Here’s one thing we all learned from Michael Jordan’s playing career: You don’t beat him at home when the money is on the line. The same is now true in the courtroom, where there was over 8 million dollars on the line in Chicago Federal Court … Chicago … Federal Court.
Jordan sued Safeway, who owned the defunct Dominick’s … a Chicago based chain … for using his name on this ad for steak:
Safeway believed that this ad only entitled Jordan to $126,900. But Jordan won a decision that will pay him $8.9 million, and you can see why this was lost before it was won. Interesting how the ad used the name but you can tell that they thought they were in the clear when they didn’t use Chicago Bulls logos, or opting for the hysterical fake Jumpman logo that got a Beijing company off the hook (even though the name of that company is “Qiaodan” … which is “Jordan” in Mandarin.) But here in the United States, using his name is a different animal all together, The name “Michael Jordan” which is synonymous with not only greatness but with revenue, is gold. And they tried to get away with it in Chicago? Where Jordan owns a steakhouse?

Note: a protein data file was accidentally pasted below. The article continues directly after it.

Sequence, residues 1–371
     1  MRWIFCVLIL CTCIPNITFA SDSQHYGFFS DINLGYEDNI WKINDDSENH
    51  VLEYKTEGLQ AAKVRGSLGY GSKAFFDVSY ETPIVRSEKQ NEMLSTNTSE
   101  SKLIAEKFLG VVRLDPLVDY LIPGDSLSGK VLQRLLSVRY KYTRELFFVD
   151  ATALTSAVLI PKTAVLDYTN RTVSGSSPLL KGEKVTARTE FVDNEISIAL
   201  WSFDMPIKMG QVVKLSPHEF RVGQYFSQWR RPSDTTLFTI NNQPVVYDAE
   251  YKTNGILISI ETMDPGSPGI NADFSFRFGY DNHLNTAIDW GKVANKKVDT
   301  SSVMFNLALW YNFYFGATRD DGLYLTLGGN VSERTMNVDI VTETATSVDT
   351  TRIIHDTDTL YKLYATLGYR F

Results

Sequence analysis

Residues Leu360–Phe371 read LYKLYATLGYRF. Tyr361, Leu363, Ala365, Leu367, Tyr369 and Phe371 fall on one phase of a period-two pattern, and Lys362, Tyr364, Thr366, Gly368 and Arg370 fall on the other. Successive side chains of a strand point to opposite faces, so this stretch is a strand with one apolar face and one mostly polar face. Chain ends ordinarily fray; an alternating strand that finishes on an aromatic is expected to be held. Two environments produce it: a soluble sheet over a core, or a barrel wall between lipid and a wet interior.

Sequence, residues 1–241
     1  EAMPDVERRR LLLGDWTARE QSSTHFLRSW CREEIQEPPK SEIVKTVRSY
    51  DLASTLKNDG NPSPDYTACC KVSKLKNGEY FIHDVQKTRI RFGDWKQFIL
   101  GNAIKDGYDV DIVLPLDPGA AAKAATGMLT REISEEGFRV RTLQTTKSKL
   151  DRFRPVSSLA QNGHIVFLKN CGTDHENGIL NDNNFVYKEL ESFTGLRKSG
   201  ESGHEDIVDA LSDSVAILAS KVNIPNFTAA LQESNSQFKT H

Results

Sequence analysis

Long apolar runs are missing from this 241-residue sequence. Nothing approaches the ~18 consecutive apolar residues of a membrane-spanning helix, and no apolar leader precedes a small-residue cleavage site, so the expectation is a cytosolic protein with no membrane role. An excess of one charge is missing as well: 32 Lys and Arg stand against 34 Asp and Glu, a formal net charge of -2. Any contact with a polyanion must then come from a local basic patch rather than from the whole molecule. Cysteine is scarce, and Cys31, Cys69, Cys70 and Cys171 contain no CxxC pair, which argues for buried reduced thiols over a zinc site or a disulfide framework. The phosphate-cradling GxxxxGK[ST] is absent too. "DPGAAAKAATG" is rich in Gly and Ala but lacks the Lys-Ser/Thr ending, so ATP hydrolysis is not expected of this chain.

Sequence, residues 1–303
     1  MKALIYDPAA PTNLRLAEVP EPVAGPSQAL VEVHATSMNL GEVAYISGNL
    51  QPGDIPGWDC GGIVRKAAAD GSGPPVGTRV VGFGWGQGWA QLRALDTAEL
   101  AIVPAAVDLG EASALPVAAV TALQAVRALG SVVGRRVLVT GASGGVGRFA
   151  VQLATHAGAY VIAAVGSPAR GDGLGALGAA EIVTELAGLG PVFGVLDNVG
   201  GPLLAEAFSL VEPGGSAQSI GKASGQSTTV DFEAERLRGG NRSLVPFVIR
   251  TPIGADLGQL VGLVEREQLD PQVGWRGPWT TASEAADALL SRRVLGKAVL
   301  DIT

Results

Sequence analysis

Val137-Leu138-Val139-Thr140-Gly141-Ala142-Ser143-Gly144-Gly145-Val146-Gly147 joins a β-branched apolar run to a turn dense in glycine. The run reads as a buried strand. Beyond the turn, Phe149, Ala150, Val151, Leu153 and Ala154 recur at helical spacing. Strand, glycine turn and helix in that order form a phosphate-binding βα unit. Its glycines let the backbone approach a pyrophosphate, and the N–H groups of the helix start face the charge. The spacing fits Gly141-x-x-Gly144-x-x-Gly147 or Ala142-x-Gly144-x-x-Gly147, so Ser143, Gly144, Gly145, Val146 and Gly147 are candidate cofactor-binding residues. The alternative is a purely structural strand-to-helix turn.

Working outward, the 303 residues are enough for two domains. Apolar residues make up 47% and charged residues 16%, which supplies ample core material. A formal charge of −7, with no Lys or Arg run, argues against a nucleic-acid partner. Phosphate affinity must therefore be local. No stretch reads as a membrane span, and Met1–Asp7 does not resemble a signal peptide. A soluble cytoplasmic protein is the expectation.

Bottom line: If Jordan’s name couldn’t be used for video games without his consent, this small supermarket chain never had a chance. And the best part is that Jordan plans to donate all the money to charity. Chicago wins again.
(Ad from Brand Channel)
(Photo by Streeter Lecka/Getty Images)